5) Write in only your native language so as to not giveaway where you learned some other language. If this isn't enough, then run your writing through an automatic translator each time into some other language you might know and only do a light touch up of the most egregious errors.

You kind of get the drift. Lots of people here can give technical advice, but that is always one slip-up from going wrong and you getting caught. Having lots of disinformation and mixed information in the blog itself can help provide cover and deniability.


> your writing through an automatic translator each time

Don't forget that this is a sure way to get deanonymized, if you don't do this anonymously, too.


Much of this seems like good advice. This definitely seems like the way you'd have to think to pull off something like this reliably with a strong enough attacker on your heels.

It's amusing to think of what happens if you follow this too far though. Essentially you're putting on a mask that is as uncorrelated with yourself as possible. But if your intent is to publish something, that seems contradictory to some extent. Can't use your own point of view, can't use your own expertise, can't use your daily experiences or any information specific to yourself. The only sense you'd be publishing a blog would be mechanically. Anything you actually intended to say would be lost in the white noise of everything you must say in order to stay hidden.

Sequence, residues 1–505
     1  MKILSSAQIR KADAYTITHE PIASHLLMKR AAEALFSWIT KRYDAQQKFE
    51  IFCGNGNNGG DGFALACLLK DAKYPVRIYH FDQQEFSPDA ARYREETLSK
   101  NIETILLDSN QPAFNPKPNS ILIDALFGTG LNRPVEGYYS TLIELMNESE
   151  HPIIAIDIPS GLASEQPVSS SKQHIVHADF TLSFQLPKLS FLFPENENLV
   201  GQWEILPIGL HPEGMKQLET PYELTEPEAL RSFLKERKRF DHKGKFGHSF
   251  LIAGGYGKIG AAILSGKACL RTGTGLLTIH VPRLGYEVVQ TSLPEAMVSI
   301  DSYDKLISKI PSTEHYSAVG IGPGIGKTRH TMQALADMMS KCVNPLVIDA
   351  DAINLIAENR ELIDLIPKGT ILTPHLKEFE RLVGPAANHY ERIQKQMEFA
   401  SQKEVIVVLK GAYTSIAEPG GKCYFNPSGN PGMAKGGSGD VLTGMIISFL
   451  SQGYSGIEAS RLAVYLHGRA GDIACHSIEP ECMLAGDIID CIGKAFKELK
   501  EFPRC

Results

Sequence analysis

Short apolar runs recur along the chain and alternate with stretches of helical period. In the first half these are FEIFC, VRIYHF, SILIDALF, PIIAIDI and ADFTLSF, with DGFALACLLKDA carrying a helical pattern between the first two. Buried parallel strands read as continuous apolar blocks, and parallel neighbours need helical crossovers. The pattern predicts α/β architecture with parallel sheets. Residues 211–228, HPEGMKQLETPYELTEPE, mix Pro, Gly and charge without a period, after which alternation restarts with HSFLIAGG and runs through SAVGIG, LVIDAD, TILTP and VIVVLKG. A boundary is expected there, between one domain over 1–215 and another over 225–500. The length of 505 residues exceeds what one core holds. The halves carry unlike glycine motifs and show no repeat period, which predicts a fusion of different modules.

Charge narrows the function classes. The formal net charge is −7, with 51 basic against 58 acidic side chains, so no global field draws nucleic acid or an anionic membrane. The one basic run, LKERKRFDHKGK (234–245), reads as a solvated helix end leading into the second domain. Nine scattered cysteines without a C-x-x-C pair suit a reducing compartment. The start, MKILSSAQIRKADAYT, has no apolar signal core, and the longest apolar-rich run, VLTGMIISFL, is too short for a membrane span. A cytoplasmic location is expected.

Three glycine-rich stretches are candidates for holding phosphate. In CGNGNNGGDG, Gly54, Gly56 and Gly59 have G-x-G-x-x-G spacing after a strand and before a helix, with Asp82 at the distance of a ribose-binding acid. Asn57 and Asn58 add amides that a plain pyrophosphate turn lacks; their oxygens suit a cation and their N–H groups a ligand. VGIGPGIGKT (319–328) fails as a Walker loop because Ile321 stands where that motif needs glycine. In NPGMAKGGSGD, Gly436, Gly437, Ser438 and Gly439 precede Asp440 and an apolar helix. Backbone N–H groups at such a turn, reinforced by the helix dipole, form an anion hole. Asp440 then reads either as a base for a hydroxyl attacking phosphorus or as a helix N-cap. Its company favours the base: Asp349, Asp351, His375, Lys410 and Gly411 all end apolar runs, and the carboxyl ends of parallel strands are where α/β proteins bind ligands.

That could happen in an extreme case, but I think if the intent is to write something to inform, then regardless of one's expertise the content should make clear the value.

I think when assessing anyone's work that is done through a pseudonym, anon, or what appears as a clearly fake profile, one needs to really pick and choose how they decide to ingest that information.

I would be hesitant to even remark on the anon blog that the blog is written in the most defensive manner possible, as that indicates to adversaries the level of aggression the target expects, which can itself narrow-down where they might be.

It is a truly hard problem, but if the value of OP is complete anonymity and the signal to noise ratio isn't as important, then these obfuscation steps are valuable. Not the least because they can be implemented or dropped at any time as one's security threat changes.


You have to blend in with the crowd to avoid sticking out. This means not buying a domain name (since domain registrations, even with contact information hiding, require real addresses in many cases for the registrar to process).

Then you use Tor to create a couple of ProtonMail and Tutanota addresses. Use these email addresses to create accounts on sites like GitHub while using Tor (make sure you link multiple addresses so that you have ways to get back in if one of them doesn’t work or you get kicked out).

Mirror all the writings on archive.org and another free site so that you have a backup to point people to (list the address of the other site in each site). Never trust any provider not to kick you out for “violating their terms and conditions” without telling you what you did or how you can fix it. When you get locked out, it’s usually with vague statements and no way to get back in. You’re at the mercy of bots and other people who may make it their mission to shut you down (depending on what you write).